Reviews for Double Cross : The True Story of the D-Day Spies

Booklist Reviews 2012 June #1
Despite massive efforts by the Abwehr, the German espionage service, the where and when of the D-Day landings were perhaps the most successfully kept secrets of WWII. As a result, the Germans were required to maintain forces all across their "Atlantic Wall." When the Normandy invasion began, the ability of the Germans to rush in reinforcements was severely hindered. The maintenance of the secret, as well as the continued deception foisted on the Germans, is chronicled superbly by Macintyre, a writer for The Times of London. The success was, in no small part, due to a varied crew of double agents. Some, like the Polish exile and fierce patriot Roman Garby Czerniawski, had admirable motives; others, including a neurotic Frenchwoman with an obsessive attachment to her dog, and an anti-Nazi German prone to financial manipulations, defy easy categorizations. The control and management of this corps by Allied intelligence officials were effective but frustrating, nerve-racking, and came close to disaster at least once. Macintyre has written a tense, exciting real-life spy story that illuminates a largely obscure aspect of WWII. Copyright 2012 Booklist Reviews.

Kirkus Reviews 2012 June #1
Newly declassified intelligence files flesh out the intricately interwoven network of World War II spies who formed the Double Cross British espionage system. Unlike the narrower focus of Stephen Talty's Agent Garbo (2012), veteran espionage writer and Times (London) journalist Macintyre (Operation Mincemeat: How a Dead Man and a Bizarre Plan Fooled the Nazis and Assured an Allied Victory, 2010, etc.) fashions a more expansive, ambitious tale of five double agents with dubious credentials but certain loyalties employed by the British to "cook up a diet of harmless truths, half-truths and uncheckable untruths to feed to the enemy." Double Cross was a pun on the Twenty (XX) Committee formed in January 1941 by British intelligence agencies, led by John Masterman and aimed at coordinating the work of a new strain of double agents. These included the Serbian playboy Dusko Popov (aka Tricycle), who creatively worked the Berlin-Lisbon circuit, though he failed to create an American counterpart to Double Cross because of FBI distrust (and his wild expenditures); Polish patriot Roman Czerniawski, exposed by the Germans in Nazi-occupied France and compelled to infiltrate the British spy system; the bored Peruvian gambler Elvira de la Fuente Chaudoir, known as Bronx, employed by MI6 to "coat trail" some influential Germans while larking about Vichy France; the former Spanish chicken farmer and Franco refugee Juan Pujol (aka Garbo), who managed by his confounding literary flourishes to hoodwink the Germans utterly regarding the Normandy landings; and Lily Sergeyev (aka Treasure) who cultivated her charm on Maj. Emile Kliemann of the Abwehr. While the spies were highly effective in deflecting interest in the Torch landings, and later Fortitude, the run-up to Normandy proved disastrous. Moreover, the dangers of getting picked up by the Gestapo and tortured for information was a constant danger, as in the case of Johnny Jebsen (aka Artist). Invisible ink, double-agent homing pigeons and a Hollywood double for Gen. Monty--nicely woven tales of stealth, brashness and derring-do. Copyright Kirkus 2012 Kirkus/BPI Communications.All rights reserved.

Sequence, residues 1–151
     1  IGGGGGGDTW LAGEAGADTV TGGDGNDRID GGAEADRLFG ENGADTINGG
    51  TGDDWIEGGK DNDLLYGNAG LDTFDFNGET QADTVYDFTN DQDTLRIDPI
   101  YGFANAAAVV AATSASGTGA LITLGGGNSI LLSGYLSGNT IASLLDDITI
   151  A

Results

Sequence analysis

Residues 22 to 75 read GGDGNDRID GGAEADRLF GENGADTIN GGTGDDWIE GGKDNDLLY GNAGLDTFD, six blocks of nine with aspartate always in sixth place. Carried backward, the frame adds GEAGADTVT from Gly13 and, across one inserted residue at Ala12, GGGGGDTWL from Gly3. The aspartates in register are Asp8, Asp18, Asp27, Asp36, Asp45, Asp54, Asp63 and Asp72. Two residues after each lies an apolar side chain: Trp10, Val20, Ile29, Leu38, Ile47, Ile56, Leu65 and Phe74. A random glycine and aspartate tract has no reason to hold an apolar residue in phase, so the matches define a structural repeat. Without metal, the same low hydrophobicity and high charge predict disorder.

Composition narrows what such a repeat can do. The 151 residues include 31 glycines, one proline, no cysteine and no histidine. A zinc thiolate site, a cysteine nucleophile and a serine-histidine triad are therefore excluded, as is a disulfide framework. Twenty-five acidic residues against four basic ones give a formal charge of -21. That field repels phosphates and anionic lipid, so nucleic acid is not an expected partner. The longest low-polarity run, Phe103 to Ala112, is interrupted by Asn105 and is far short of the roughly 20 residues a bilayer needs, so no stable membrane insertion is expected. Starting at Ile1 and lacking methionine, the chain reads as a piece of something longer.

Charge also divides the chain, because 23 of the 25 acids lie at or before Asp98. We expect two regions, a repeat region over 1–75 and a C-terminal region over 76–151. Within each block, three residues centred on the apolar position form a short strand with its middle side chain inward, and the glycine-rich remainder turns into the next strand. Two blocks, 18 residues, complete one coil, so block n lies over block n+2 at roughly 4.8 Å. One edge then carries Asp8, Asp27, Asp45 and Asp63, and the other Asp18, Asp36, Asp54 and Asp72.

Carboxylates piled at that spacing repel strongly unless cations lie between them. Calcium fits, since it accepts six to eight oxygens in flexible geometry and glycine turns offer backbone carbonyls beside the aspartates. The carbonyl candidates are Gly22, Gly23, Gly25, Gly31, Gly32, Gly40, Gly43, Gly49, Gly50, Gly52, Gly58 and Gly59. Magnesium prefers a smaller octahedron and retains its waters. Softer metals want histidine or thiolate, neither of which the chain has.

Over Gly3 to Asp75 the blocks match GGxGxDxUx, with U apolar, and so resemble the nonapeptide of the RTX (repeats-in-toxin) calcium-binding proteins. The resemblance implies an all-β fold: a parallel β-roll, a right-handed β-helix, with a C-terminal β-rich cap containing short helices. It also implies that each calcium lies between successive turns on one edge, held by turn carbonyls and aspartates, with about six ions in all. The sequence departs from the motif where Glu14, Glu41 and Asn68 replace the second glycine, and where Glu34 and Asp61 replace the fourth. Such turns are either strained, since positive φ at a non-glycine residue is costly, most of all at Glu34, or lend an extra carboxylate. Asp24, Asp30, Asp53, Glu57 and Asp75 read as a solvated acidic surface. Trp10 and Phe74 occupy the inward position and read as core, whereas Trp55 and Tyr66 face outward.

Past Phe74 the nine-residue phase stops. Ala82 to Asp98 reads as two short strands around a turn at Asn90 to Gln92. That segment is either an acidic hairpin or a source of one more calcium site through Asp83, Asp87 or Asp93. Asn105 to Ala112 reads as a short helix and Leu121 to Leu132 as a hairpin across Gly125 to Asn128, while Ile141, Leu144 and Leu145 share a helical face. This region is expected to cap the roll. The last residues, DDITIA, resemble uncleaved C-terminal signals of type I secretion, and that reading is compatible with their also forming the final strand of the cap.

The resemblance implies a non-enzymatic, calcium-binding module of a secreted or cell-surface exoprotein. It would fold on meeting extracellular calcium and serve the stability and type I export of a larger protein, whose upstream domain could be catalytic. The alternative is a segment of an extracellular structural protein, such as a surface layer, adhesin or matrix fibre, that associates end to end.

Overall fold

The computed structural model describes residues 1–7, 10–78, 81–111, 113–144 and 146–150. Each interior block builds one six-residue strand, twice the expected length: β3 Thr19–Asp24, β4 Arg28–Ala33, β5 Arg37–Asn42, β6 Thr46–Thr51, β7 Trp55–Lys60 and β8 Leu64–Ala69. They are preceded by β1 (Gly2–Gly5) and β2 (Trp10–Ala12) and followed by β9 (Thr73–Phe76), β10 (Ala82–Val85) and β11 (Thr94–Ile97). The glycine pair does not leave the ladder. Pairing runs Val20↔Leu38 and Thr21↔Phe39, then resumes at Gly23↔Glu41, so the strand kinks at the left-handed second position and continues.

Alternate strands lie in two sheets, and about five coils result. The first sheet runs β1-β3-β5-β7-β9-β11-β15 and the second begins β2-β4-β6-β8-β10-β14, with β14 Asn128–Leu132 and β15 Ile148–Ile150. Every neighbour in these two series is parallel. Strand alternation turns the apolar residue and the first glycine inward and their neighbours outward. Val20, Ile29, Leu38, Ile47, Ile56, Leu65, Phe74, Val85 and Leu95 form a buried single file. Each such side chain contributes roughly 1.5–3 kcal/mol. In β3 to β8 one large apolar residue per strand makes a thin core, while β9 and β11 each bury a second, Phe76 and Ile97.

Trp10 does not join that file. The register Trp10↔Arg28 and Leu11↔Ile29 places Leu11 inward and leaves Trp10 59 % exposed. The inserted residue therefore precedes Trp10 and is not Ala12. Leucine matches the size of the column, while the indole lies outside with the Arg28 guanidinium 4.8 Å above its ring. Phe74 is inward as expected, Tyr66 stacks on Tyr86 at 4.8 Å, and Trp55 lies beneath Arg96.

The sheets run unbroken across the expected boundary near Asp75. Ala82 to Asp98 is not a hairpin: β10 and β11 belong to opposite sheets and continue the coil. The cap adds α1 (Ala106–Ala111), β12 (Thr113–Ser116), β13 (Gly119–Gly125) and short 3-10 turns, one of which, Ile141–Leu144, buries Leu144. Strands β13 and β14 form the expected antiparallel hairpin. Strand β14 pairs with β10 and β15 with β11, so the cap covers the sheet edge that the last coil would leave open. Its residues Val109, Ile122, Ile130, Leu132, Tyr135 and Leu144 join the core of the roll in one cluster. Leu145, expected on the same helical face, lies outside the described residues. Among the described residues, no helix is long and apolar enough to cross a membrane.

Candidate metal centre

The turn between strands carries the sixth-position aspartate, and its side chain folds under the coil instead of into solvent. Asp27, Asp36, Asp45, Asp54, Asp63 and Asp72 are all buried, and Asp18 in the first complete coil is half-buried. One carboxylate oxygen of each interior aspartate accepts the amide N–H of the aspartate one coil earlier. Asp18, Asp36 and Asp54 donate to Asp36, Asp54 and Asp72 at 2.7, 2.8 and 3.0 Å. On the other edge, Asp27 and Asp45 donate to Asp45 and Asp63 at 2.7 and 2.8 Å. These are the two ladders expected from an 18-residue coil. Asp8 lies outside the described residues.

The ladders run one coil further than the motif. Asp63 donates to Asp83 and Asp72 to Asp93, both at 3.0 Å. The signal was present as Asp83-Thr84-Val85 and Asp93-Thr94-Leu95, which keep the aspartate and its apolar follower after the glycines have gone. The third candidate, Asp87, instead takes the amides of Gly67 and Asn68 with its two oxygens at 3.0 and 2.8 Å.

Library Journal Reviews 2012 February #2

D-Day, June 6, 1944. Some 150,000 Allied troops land successfully on the beaches of Normandy, sustaining only 5000 casualties. How did they manage it? Through a vast act of deception called Operation Bodyguard aimed at persuading the Germans that attacks would come at Calais and Norway, where German armies then massed. The spies drafted to perpetuate this trickery ranged from a Polish pilot to the wild daughter of a Peruvian diplomat to a Serbian playboy code-named Agent Tricycle. Actually, sounds like a great movie; meanwhile, best-selling author Macintyre (Operation Mincemeat) should turn in an absorbing read about a little-acknowledged facet of the war.

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Publishers Weekly Reviews 2012 May #2

"Any method of seeking the truth can also be used to plant a lie." Therein lies the root of the brilliantly dangerous Allied plan (which MI5 called Double Cross)--recounted by Macintyre with the same skill and suspense he displayed in Operation Mincemeat and Agent Zigzag--to throw off the Germans and launch an assault at Normandy on June 6, 1944. The key to the plan--convincing Germany that the impending attack would come either at Pas de Calais or in Norway--was the careful manipulation of five double agents, each feeding misinformation back to their German handlers. Polish zealot Roman Czerniawski volunteered his services to his German captors, only to defect to Britain and become "Agent Brutus." Serbian playboy Dusan Popov ("Agent Tricycle") became one of MI5's most prized assets. Failed Catalan chicken farmer Juan Pujol ("Agent Garbo") badgered both German and British intelligence services into accepting him, eventually becoming the linchpin of the D-Day ploy. Lily Sergeyev ("Agent Treasure"), a high-strung Frenchwoman, had the opportunity to blow the whole operation with a single punctuation mark, while Elvira de la Fuente Chaudoir ("Agent Bronx") transformed from a gambling Peruvian society girl to solid double agent. Macintyre effortlessly weaves the agents' deliciously eccentric personalities with larger wartime events to shape a tale that reads like a top-notch spy thriller. Photos, map. Agent: Ed Victor, Ed Victor Ltd. (July)

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